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Lecture 1: A Polanyian Feminism? Re­reading The Great Transformation in the 21st Century Lecture 2: The Wages of Care: Reproductive Labour as Fictitious Commodity Lecture 3: Between Marketisation and Social Protection: Ambivalences of Feminism in the Context of Capitalist Crisis Symposium: Women’s Rights in the 21st Century made possible by the generous support of Mrs Carol Saper.

 hear Professor Nancy Fraser, whose work is well known  three lectures were crystal clear, elaborating a sustained argument about the ways in which Polanyi’s famous account of The Great Transformation might be rewritten and revised to take into account issues of emancipation, domination and women’s rights that were not part of his original thinking at the time of writing during the Second World War.

Throughout, Professor Nancy Fraser was concerned to link Polanyi’s thinking about the post­WWII future to our current situation of global economic crisis. Although presenting a predominantly political­philosophy argument, her lectures had potential application as an analysis of the situation of women today, and of the so­called ‘crisis in capitalism’ that we have witnessed during the past few years. In the symposium that followed her lectures, a number of distinguished speakers commented both on Nancy Fraser’s own work and on issues involving women’s rights and emancipation more generally. The discussion included a re­examination of the question of rights themselves, along with other forms of domination such as slavery. The three lectures will in due course form part of a larger work.

Professor Nancy Fraser also took part in a special conference convened by political philosophers at the University of Southampton to discuss her work, so the impact of her visit extended beyond the University. She and Gender Studies are hopeful that she may return to Cambridge for a longer stay, as part of the Gender Studies programme. Such an outcome would be valuable in seeding a long­term relationship.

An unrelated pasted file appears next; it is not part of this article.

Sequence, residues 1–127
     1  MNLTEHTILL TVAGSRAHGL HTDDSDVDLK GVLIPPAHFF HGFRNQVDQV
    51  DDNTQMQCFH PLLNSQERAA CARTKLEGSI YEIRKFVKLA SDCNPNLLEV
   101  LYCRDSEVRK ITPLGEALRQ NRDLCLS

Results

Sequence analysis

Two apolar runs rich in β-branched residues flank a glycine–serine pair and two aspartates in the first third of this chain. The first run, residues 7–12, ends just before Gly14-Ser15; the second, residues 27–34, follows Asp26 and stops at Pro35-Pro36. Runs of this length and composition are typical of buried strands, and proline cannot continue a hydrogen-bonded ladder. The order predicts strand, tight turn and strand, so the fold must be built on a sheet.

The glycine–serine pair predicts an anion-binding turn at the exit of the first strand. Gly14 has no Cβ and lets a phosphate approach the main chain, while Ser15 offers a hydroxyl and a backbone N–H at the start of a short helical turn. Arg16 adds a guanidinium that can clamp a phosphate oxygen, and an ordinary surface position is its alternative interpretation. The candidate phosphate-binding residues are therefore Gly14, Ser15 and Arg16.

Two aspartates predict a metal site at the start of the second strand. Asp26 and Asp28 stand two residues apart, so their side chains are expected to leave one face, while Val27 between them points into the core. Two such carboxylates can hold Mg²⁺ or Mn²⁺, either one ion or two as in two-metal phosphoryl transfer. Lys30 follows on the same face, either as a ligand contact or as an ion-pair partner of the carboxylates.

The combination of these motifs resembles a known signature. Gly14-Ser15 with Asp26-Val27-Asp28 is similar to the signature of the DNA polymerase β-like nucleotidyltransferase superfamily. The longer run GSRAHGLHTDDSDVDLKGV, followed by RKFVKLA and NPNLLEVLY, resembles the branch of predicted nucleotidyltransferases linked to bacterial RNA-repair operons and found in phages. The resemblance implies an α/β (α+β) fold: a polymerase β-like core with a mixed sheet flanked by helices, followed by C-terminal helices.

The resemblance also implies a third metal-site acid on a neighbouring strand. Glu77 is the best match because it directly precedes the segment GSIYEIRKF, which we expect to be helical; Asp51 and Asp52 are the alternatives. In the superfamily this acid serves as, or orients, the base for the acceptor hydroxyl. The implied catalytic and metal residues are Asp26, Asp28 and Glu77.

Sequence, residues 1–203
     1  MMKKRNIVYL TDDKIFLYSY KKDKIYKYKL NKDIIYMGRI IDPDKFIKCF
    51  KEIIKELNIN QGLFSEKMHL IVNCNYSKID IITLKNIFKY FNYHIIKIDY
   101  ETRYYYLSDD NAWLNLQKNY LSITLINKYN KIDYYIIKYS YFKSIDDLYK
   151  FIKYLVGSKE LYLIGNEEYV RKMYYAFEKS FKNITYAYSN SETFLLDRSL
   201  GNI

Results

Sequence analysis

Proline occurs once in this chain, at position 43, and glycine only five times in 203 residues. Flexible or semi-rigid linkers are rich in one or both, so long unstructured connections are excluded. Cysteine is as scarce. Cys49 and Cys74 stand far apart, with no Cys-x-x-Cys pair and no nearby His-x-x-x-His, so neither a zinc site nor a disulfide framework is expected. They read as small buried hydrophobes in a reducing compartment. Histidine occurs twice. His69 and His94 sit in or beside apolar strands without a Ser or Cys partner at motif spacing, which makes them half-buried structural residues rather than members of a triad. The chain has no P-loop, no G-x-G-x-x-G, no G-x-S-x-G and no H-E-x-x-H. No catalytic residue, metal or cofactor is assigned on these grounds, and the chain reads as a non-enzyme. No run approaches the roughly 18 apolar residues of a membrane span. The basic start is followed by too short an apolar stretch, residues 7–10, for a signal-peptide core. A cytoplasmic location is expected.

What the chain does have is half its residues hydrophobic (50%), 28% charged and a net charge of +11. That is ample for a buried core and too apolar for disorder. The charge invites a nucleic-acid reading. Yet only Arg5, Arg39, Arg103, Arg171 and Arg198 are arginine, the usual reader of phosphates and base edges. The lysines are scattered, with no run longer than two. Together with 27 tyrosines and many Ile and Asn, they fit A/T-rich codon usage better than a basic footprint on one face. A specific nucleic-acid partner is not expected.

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Humanitas Visiting Professor in Chamber Music: Alfred Brendel Lecture 1: On Character in Music Lecture 2: The Light and Shade of Interpretation Open Rehearsal: Alfred Brendel and the Szymanowski Quartet

Concert: The Szymanowski Quartet made possible by the generous support of Mr Lawrence Saper.

Alfred Brendel provided Cambridge with an extraordinary week of musical thoughts and events during his visit as Humanitas Visiting Professor in Chamber Music. Many people who attended his two illustrated lectures commented on the ways in which they complemented each other and led to greater insight into the interpretation of music – as well as how privileged they felt to be present at these remarkable events. We were treated not only to his playing but also to his remarkable understanding of the character and inner psychology of musical composition and performance. The whole series was very well­attended, both by members of the University and the wider public,  Concert Hall at both lectures.

Alfred Brendel’s lectures were beautifully complemented by a three­hour open rehearsal with the Szymanowski Quartet, which provided a different kind of insight entirely – this time conveyed through detailed interpretation of the notes on (and off) the page. The performance of this gifted and appealing group of musicians was in itself a wonderful occasion, with its accomplished and spirited playing. The concluding performance by the Szymanowski Quartet, 

At the end of his residency, Alfred Brendel was made an  Artist of the AHRC Research Centre for Musical Performance as Creative Practice, promising a continuing relationship with the University.

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